The Tolupanes, a group of indigenous people who live in central Honduras, survive in extreme poverty while waiting for assistance from the government. Despite their proximity to cities such as Tegucigalpa and San Pedro Sula, the Tolupanes see very little progress. Many live without electricity, health centers, or schools. They subsist on a traditional diet of maize and beans, but also harvest bananas, cassava, pumpkins and coffee. They also eat freshwater mussels.
Their native language is threatened, even while elder members of the group try to teach their children their language and customs. According to some scholars, the Tolupán culture is very different from that of other ethnic groups in the country, since they try to retain their traditional clothes and the mother tongue, although both are at risk of disappearing.
A report by the Fides news service note that In the Tolupán culture, women are pushed into the background and do simple arts and crafts work, such as necklaces made with seeds. The Tolupanes are known as being isolated and adverse to the surrounding Hispanic culture of Honduras. Hispanic Hondurans, who are known locally as Ladinos, are dominant in the area, having deprived the Tolupanes of their lands during the second half of the 18th century with the mediation of a Spanish religious. As reported by the mountain tribes of La Flor, hundreds of Tolupanes lost their lives during the conflict with the Ladinos for the land.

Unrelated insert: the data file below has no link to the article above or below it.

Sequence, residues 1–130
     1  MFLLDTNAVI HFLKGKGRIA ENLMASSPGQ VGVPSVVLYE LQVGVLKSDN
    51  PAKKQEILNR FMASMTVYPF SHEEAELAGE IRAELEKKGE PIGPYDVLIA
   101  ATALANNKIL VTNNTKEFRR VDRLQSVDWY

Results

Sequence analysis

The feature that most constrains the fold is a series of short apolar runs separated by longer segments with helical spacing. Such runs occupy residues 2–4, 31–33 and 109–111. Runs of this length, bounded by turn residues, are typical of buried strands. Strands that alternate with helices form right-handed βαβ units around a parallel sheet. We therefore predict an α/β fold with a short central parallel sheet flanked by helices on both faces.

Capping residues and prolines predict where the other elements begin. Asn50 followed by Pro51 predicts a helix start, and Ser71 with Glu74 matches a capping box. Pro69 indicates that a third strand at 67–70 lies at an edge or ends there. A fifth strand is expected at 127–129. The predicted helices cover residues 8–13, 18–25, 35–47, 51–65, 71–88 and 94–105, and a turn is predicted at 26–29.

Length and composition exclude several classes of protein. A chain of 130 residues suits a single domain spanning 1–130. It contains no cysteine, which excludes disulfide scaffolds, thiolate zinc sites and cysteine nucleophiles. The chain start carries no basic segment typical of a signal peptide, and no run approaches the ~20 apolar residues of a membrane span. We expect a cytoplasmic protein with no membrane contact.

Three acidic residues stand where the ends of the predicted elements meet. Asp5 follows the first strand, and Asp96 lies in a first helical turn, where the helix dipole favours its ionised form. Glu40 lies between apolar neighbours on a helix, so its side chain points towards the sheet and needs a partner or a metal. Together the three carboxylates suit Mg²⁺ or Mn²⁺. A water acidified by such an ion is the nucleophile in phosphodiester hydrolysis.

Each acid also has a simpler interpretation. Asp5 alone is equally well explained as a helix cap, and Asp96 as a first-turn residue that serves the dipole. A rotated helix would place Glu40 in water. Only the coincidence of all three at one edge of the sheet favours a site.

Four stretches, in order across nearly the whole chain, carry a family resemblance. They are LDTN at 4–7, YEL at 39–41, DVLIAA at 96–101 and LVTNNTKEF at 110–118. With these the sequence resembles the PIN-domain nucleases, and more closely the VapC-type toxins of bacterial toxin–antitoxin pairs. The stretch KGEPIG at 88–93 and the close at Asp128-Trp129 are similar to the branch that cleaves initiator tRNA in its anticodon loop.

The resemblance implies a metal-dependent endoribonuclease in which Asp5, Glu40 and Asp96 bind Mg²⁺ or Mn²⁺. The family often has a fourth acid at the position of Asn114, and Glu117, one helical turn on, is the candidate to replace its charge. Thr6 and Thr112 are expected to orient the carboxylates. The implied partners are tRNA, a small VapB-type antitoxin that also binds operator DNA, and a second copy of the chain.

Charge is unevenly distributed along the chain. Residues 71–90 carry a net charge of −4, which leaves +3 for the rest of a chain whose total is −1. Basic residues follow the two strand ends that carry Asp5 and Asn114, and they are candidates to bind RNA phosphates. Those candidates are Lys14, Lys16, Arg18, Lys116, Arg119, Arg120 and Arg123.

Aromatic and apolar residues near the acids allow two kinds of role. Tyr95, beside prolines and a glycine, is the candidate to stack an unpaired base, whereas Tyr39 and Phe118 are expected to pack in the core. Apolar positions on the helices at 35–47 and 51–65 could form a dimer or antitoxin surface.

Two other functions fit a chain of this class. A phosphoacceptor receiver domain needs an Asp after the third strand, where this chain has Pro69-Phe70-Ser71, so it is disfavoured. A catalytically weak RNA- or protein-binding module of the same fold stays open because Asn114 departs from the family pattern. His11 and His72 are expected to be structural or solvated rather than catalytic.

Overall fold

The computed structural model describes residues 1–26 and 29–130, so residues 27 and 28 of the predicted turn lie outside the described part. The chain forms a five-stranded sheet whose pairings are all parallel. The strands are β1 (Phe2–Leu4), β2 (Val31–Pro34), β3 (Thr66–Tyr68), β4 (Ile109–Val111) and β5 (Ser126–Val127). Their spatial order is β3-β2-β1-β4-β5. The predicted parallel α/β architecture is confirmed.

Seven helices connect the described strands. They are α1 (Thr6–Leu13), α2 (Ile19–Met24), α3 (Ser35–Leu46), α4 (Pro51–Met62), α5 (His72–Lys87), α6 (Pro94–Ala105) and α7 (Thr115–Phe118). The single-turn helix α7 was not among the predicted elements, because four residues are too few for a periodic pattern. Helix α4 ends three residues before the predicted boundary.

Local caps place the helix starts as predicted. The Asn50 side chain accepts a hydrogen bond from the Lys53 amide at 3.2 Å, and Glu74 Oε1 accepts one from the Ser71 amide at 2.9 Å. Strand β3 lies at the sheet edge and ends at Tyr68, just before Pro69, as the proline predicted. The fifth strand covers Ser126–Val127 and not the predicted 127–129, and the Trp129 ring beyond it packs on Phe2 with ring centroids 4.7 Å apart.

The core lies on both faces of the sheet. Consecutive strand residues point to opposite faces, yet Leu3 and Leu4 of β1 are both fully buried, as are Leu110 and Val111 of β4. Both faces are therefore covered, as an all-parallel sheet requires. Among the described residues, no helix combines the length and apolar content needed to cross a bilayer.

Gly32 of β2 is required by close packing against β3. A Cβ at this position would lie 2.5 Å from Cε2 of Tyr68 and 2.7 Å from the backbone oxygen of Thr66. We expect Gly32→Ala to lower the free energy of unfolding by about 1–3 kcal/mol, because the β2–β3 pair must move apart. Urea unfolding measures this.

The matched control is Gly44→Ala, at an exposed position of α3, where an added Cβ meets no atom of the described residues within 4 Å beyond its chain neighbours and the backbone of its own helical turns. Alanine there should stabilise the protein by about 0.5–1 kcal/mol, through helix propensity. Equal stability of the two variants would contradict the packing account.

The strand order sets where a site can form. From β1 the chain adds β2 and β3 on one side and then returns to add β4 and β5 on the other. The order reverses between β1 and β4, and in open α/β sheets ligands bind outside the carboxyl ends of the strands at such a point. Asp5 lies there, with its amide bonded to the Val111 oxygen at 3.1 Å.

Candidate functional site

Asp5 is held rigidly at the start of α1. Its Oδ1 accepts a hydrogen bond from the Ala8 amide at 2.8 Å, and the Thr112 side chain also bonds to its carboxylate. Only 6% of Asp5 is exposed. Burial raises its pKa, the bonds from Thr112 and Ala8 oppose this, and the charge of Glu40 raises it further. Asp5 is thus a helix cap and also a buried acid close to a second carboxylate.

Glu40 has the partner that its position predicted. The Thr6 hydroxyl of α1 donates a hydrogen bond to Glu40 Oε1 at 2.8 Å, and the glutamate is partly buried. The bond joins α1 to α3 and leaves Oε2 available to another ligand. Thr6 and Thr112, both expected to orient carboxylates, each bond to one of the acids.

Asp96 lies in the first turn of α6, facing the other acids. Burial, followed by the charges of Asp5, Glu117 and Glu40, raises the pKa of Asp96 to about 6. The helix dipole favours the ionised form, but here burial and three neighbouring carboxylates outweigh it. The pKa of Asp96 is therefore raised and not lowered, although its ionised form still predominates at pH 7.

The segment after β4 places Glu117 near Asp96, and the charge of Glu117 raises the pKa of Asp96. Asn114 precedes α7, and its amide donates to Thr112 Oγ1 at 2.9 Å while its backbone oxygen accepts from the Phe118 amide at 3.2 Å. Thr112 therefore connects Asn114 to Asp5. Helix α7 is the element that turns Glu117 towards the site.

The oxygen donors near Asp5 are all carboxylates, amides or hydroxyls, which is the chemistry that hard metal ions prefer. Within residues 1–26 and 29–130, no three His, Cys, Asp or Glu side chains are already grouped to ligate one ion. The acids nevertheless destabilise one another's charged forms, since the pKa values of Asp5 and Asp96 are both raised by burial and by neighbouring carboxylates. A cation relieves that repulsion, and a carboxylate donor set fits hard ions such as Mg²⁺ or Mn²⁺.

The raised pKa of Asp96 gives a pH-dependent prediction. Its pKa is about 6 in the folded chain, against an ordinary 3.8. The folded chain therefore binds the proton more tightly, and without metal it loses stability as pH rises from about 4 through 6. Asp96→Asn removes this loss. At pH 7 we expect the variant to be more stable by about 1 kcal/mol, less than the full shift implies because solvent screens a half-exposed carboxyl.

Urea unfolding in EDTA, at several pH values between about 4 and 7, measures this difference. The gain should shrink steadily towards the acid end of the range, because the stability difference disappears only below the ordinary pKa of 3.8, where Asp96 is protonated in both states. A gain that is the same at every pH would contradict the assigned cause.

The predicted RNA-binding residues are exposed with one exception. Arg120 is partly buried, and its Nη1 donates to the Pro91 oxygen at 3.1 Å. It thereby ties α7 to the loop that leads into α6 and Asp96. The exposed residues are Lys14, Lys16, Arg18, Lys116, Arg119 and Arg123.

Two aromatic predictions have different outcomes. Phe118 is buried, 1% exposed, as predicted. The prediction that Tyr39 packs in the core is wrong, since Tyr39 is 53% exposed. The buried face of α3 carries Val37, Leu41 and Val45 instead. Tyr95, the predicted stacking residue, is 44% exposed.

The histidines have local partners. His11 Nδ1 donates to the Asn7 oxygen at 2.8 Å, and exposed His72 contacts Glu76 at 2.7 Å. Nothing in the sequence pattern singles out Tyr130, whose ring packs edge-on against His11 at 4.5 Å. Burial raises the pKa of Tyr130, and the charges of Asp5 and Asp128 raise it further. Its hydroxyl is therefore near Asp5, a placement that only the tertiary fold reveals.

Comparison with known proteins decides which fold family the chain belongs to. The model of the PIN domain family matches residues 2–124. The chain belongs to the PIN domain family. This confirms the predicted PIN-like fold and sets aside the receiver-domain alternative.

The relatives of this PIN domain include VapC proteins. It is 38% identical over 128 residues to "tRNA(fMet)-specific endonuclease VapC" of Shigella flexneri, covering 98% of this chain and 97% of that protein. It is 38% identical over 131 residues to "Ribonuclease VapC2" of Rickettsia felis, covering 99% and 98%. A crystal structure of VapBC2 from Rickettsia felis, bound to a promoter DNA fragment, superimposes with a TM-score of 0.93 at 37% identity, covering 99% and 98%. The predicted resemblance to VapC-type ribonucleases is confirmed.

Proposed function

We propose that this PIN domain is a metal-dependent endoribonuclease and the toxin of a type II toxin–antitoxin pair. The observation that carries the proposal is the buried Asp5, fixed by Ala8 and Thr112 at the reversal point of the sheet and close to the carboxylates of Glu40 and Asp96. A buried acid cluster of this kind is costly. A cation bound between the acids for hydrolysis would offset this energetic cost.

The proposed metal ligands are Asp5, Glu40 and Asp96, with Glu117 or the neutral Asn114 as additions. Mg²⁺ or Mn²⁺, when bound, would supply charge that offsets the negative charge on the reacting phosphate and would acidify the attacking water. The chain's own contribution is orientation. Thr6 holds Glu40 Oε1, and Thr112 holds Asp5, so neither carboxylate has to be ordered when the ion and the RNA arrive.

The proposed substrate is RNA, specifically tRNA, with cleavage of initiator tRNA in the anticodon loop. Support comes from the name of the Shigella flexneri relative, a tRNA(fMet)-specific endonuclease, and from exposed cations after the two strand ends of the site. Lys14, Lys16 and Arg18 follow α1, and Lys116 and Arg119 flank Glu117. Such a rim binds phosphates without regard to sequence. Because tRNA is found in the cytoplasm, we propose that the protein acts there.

A spokesman for the Tolupanes, Marvin Moreno, told HispanTV last week that the Honduran government has "abandoned" the Tolupan ethnic group. Moreno also said that there are no "clear policies" on the part of the government to protect the Tolupanes in the area new their mountain home in La Flor. Tolupan children attend schools designed for Ladino children, said Moreno, thus hastening the disappearance of the native language of the Tolupan people.
Spero News editor Martin Barillas is a former US diplomat, who also worked as a democracy advocate and election observer in Latin America. He is also a freelance translator.